124 myths and 300 illustrations to unlock the secrets of traditional temple art
The depth of information embodied in the decorations of Taiwan’s traditional temples can sometimes seem intimidating – but that shouldn’t be a reason for anyone to miss out on the chance to enjoy their exquisite craftsmanship. The walls, roofs, eaves and ridges of temples are layered with meaningful decoration, not to mention the countless statues illustrating famous scenes from legend and literature. Kuo Hsi-Pin, an expert on temple culture, has written an engaging, unpretentious introduction to the most common of these stories, equipping readers with the knowledge to appreciate these traditional forms of art and architecture.
This book divides these tales into ten categories, from the myth of Nüwa patching the sky to the most famous scenes in the Romance of the Three Kingdoms and Journey to the West; from the sea goddess Mazu to the enlightenment of Buddha. The stories are paired with attractive images, labelled to show the temple location, the names of the craftsmen, and the relevant historical era. The biographies of these craftsmen are also threaded through the chapters, opening up a whole new perspective on their art.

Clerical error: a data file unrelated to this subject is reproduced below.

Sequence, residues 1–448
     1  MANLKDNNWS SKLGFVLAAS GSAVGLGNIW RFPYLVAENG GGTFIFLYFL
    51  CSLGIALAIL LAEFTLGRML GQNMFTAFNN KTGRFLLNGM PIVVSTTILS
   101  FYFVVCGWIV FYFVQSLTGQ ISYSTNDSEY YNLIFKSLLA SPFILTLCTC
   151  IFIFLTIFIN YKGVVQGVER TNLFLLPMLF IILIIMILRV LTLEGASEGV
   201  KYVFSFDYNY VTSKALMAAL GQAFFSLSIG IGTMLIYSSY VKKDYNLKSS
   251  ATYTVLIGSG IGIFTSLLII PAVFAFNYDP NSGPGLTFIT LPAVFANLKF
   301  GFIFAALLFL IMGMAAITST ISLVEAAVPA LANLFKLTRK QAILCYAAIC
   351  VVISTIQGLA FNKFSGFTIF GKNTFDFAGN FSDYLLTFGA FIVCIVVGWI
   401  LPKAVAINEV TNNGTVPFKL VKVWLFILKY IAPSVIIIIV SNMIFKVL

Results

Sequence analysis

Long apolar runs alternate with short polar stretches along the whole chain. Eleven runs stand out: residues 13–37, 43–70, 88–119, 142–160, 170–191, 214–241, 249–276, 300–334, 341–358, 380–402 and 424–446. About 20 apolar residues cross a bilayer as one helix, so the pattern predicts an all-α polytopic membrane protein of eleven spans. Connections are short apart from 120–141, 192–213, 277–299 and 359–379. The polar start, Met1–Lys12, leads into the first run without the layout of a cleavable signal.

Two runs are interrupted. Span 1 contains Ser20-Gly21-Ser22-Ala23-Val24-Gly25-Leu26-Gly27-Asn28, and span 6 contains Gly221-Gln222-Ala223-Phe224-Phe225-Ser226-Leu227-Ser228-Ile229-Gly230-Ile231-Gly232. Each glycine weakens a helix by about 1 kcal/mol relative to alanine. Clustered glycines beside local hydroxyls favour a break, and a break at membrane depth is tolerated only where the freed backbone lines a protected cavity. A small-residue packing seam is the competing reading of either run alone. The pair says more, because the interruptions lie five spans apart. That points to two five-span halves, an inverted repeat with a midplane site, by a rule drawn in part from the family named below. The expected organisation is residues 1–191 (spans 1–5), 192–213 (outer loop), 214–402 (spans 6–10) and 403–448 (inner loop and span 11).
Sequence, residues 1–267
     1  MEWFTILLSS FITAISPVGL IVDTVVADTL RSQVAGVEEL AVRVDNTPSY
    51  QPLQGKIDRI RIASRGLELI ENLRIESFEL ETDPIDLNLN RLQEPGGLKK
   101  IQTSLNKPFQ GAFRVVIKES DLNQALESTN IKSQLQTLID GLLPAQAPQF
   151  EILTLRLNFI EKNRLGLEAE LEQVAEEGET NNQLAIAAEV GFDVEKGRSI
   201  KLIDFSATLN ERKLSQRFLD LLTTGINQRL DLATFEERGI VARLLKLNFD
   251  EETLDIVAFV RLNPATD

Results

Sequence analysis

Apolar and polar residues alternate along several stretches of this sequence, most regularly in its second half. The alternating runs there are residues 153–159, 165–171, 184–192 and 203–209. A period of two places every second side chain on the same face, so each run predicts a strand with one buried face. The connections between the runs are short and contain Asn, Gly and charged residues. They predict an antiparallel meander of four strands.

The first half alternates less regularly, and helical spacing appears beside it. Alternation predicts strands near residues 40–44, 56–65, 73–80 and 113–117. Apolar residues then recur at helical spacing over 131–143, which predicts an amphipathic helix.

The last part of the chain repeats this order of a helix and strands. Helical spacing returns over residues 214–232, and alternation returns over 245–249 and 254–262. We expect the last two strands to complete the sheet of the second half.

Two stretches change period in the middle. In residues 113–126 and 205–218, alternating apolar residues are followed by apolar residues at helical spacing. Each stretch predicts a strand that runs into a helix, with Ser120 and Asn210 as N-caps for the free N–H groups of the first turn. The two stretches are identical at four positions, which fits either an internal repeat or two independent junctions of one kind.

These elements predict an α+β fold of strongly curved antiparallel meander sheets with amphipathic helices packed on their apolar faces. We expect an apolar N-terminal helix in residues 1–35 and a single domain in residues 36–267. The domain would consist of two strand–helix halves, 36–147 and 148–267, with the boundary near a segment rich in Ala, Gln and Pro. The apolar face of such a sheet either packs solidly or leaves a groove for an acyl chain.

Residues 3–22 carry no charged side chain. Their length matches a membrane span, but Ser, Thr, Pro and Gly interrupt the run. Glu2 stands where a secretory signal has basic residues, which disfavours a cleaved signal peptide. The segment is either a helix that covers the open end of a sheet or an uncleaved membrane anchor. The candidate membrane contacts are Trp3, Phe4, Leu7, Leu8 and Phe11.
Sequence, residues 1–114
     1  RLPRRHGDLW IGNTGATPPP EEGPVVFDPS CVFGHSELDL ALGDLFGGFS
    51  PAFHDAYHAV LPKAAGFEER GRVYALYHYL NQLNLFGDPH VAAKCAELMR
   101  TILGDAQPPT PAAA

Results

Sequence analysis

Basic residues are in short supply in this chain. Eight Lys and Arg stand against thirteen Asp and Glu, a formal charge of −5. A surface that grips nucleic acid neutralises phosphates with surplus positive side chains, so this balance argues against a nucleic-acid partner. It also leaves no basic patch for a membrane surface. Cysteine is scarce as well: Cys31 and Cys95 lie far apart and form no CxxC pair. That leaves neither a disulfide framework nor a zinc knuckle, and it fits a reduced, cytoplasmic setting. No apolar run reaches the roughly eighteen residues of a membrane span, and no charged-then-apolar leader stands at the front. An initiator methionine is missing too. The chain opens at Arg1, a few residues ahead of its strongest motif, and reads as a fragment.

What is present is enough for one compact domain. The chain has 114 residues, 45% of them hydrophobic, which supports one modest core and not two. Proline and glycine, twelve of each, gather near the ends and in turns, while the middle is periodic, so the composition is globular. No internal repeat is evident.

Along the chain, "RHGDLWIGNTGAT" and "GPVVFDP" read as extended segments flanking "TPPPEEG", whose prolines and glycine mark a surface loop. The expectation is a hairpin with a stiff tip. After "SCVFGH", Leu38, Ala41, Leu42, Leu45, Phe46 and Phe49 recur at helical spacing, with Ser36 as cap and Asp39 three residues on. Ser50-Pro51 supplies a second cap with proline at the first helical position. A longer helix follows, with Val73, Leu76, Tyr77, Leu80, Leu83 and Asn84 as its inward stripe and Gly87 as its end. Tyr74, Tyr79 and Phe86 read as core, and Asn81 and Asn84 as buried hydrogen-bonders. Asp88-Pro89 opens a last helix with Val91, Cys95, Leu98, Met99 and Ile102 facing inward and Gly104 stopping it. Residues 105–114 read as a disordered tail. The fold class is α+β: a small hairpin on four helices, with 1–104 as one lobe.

In an era when traditional arts are in decline, Kuo Hsi-Pin’s labor of love offers a unique glimpse into a world of gods, demons, dragons, phoenixes and qilins, chronicling the masterpieces of craftsmen whose achievements are all too easily forgotten today.